Do you know which state sells the most automobiles? It is California, and their automobile market of two million annual sales of vehicles is roughly the same as Canada’s. California also leads in having ten per cent of all vehicles already electric powered.
As the New York Times reports the size of that state’s vehicular market and the potential for Canada to adopt California’s strict car emission standards may be sufficient to roll back the proposed lower emission standards.
The current President of the United States intends to roll back current emission standards which required carmakers to develop vehicles with an average of 54.5 miles per gallon by the year 2025. A plan to make that standard only 37 miles per gallon would dramatically increase climate change causing greenhouse gases.
In a move described by a political professor as showing that the current Canadian Prime Minister “doesn’t want to appear to be Trump’s poodle”
Justin Trudeau’s government is signing a deal with California to adopt that state’s more stringent vehicular polluting standards. That means that the market for cars in Canada will need to adhere with the higher standards already in place in California. This may be enough to sway automobile makers to maintain the higher standard, with one-third of American states standing behind it as well as Canada.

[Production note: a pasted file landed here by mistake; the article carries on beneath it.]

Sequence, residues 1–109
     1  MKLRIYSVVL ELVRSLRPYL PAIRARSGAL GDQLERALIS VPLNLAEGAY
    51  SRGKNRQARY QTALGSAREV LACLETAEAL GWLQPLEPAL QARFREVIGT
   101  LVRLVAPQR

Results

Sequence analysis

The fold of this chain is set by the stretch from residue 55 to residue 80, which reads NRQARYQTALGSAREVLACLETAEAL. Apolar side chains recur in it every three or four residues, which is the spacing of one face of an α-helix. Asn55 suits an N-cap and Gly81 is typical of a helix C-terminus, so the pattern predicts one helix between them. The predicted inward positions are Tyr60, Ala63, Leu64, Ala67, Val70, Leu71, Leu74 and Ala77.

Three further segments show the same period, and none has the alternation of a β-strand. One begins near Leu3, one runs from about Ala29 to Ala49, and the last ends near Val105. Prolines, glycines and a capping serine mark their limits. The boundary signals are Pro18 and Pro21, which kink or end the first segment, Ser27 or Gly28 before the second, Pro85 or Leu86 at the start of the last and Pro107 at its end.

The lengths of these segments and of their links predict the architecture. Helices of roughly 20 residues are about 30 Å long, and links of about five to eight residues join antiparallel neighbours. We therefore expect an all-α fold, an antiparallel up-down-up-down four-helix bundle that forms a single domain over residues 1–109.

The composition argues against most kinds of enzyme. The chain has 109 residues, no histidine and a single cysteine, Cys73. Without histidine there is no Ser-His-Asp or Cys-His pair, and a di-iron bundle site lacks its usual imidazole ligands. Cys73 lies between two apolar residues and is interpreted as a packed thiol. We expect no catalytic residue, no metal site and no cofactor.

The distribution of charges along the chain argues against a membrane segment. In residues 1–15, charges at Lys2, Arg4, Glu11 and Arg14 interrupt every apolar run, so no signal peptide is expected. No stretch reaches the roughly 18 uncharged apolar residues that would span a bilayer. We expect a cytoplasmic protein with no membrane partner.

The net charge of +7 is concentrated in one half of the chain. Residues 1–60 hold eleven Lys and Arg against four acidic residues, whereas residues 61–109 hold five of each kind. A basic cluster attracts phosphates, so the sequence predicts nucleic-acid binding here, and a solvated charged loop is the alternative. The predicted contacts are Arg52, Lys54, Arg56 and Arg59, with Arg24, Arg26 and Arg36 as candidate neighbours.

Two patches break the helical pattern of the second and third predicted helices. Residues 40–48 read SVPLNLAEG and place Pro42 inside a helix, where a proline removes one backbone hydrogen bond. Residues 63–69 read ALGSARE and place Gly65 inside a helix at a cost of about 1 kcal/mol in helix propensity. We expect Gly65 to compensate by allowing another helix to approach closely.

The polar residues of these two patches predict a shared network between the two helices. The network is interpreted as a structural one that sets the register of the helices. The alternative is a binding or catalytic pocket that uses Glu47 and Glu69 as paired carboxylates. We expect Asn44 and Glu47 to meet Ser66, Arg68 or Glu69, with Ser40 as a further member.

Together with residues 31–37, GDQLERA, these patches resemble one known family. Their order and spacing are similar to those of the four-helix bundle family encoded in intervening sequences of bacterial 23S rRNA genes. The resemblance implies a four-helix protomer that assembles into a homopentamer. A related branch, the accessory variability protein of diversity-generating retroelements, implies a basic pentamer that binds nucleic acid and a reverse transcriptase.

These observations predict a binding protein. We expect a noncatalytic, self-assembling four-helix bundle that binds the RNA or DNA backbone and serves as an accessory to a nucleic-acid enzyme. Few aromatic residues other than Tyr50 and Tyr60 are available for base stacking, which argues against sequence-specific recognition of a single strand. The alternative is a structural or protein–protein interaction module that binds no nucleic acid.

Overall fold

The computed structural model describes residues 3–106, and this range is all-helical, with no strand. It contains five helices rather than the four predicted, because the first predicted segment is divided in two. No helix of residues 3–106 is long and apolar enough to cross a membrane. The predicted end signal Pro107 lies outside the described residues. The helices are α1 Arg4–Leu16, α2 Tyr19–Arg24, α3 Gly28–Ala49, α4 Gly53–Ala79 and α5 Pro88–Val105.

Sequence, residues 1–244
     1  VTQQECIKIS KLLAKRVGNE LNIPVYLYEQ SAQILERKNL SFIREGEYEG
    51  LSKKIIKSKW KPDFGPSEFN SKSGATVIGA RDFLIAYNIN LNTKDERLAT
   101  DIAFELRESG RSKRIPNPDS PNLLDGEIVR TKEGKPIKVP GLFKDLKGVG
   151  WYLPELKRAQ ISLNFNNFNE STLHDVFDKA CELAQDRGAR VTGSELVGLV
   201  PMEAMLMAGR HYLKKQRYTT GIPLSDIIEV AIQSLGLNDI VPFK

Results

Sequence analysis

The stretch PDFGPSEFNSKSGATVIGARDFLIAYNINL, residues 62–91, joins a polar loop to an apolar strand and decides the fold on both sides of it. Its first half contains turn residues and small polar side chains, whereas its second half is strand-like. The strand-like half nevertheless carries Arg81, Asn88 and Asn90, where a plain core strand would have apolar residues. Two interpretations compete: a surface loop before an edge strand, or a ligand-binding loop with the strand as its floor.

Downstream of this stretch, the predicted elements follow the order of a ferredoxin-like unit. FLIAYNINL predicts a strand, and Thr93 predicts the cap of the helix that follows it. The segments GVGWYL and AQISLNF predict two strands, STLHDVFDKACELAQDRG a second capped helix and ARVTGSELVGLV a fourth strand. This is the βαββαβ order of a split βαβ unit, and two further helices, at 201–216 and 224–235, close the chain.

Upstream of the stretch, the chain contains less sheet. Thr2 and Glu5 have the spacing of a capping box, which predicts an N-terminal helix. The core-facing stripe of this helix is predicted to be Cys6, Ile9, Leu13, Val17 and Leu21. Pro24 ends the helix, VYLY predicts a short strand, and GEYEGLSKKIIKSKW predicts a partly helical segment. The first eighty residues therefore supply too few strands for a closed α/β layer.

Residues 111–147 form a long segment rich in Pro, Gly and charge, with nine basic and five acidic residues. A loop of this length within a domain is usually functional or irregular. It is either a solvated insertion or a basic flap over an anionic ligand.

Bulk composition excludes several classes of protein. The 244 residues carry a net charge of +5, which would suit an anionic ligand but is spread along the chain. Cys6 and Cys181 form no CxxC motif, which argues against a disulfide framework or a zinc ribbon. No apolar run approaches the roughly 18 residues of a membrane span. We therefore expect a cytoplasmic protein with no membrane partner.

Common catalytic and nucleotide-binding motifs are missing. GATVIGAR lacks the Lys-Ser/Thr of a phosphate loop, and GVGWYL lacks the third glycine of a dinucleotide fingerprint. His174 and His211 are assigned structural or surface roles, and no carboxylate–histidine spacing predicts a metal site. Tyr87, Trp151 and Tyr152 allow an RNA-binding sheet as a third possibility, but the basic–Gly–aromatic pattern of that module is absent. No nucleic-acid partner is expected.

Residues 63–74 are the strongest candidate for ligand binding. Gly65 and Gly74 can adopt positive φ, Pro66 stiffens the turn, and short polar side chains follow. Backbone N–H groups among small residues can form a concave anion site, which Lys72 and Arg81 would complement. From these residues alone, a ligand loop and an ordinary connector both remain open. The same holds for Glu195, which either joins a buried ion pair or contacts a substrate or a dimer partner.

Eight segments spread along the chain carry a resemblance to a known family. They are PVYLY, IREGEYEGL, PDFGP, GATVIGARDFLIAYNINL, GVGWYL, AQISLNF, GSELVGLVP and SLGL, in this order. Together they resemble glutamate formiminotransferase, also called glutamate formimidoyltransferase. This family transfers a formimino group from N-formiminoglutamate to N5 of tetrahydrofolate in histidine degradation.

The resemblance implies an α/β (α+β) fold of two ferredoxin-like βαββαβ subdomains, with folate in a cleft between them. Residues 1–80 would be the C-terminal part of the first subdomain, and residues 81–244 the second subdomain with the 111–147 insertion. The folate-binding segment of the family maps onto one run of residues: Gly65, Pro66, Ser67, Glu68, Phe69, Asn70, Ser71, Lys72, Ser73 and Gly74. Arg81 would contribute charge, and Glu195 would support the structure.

Canada has traditionally adopted the standards proposed by the American government instead of independently adopting standards proposed by a state. While the move to an adopted state standard of higher emission control could pressure manufacturers to create solely less polluting vehicles, there is also the chance that a two market system would be created. That would be a market where better performing vehicles are sold in Canada and in thirteen states, with the rest of the states going for more pollution emitting vehicles.
Given the administrative challenges with dealing with a two tier automotive emission standard, analysts expect manufacturers to go for the higher standard, ensuring universal transferability of vehicles to all states of America as well as to Canada.
In the continuing American political pollution standards chess game, the current President of the United States intends to rescind the right of states to adopt vehicular pollution standards that are better than that proposed by the federal government. Given California and Canada’s market share, that may be a moot point if higher standard vehicles are already required by adopted policy.
You can view the YouTube video below aptly laying out the issues around the federal lower automobile emission standards.